Black Hawk College has received $125,000 to help people without work find new careers.|
The money takes the form of scholarships provided by Hubbell-Waterman Foundation through United Way of the Quad Cities, according to a news release from the college.
The scholarships are focused on short-term training programs, including pharmacy technician, production welding and truck driving, according to the college.
"We are now signing up people for the classes that begin in January," said Glenda Nicke, dean of adult and continuing education at Black Hawk.
The program at Black Hawk began in 2011 with an initial $125,000, Ms. Nicke said. So far, the program has helped about 120 people with tuition, fees, books and other supplies.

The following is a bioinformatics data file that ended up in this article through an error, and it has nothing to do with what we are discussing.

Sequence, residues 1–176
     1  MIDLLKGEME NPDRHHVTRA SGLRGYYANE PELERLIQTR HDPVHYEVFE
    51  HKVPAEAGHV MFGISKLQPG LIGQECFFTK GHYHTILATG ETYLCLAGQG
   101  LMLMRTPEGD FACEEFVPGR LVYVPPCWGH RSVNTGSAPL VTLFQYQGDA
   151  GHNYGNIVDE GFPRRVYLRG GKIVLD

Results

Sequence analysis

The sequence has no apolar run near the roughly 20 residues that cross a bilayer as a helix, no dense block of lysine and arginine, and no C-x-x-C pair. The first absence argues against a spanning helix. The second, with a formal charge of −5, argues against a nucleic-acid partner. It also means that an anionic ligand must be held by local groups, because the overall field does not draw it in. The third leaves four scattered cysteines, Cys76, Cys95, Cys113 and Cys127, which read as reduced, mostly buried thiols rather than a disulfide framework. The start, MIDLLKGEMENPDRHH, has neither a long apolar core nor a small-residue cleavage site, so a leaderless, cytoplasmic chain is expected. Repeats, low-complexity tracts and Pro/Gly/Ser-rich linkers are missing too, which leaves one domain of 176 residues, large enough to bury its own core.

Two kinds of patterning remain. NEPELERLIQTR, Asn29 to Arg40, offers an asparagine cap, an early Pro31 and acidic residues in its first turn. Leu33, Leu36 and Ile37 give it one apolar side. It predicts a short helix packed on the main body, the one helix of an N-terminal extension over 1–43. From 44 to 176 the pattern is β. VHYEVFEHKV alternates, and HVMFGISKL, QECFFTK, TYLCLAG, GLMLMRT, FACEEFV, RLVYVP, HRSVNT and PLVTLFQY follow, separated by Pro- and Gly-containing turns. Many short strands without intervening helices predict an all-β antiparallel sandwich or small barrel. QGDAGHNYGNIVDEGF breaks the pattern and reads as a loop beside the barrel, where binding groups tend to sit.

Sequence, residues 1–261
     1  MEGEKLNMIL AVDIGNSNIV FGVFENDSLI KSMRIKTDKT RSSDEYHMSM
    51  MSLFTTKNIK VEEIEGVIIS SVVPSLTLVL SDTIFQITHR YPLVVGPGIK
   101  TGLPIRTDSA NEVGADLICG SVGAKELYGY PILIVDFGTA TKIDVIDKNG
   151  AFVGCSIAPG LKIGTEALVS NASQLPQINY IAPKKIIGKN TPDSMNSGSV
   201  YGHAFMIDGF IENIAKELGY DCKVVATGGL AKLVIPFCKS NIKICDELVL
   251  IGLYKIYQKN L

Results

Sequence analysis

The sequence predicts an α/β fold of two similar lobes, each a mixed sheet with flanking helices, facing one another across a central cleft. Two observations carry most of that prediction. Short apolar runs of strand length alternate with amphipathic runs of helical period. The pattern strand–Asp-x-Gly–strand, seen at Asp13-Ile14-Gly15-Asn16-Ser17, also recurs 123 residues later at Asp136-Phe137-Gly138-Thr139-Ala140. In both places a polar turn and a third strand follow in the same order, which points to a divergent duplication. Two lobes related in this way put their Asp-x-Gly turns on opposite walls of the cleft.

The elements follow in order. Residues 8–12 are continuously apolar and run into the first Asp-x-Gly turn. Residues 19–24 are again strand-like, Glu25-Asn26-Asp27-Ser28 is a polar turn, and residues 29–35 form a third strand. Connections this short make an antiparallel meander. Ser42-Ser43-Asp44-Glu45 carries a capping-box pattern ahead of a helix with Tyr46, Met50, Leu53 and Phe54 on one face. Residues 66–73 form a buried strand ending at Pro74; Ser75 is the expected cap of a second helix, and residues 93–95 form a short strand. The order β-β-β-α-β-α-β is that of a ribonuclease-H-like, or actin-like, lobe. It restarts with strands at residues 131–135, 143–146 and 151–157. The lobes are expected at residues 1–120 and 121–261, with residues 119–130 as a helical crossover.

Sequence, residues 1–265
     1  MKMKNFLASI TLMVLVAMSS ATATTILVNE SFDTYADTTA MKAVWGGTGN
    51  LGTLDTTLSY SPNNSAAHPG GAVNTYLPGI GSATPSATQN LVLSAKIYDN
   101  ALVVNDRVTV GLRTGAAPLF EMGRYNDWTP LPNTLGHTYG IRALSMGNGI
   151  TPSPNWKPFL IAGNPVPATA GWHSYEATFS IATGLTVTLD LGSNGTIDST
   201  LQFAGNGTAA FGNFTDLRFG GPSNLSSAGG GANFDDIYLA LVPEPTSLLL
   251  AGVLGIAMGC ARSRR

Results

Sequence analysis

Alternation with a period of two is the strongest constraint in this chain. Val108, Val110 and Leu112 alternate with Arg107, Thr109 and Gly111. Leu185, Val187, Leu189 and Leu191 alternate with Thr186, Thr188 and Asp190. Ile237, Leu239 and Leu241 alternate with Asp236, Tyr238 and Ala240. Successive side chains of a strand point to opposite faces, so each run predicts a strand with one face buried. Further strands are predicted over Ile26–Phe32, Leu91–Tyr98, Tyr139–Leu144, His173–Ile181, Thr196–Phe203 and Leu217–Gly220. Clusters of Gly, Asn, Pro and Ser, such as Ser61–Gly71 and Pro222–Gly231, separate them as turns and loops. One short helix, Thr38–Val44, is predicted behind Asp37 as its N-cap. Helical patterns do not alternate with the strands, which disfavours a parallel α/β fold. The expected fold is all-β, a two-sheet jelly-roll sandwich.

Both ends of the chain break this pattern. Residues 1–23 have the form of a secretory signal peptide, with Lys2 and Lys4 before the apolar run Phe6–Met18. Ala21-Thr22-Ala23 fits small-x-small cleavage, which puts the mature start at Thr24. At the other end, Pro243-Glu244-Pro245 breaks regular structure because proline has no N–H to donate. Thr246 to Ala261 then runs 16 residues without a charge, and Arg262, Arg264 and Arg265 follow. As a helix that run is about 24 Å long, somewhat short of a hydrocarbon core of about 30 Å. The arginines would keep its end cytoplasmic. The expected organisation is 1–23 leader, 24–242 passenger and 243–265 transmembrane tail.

As of Nov. 30, at least 90 had completed a program, and at least 54 have found employment, she said. Others have gone on to more classwork.
Ms. Nicke said the scholarships fill a niche because many of the courses they fund are not covered by more traditional forms of financial aid."This really fills a gap in support."
Requirements for the scholarships include an interview with Black Hawk advisers, who screen applicants to determine if they know what their chosen course might entail and have made preparations for things such as child care to help them get through their course work, the college said.
They also must be able to show they are laid off or working reduced hours, and a history of regular employment.
For more information, call Terri Sacco at (309) 796-5178 for the CNA program or Kathy McCabe at (309) 796-8229 for the other short-term programs.
Davenport, IA Details
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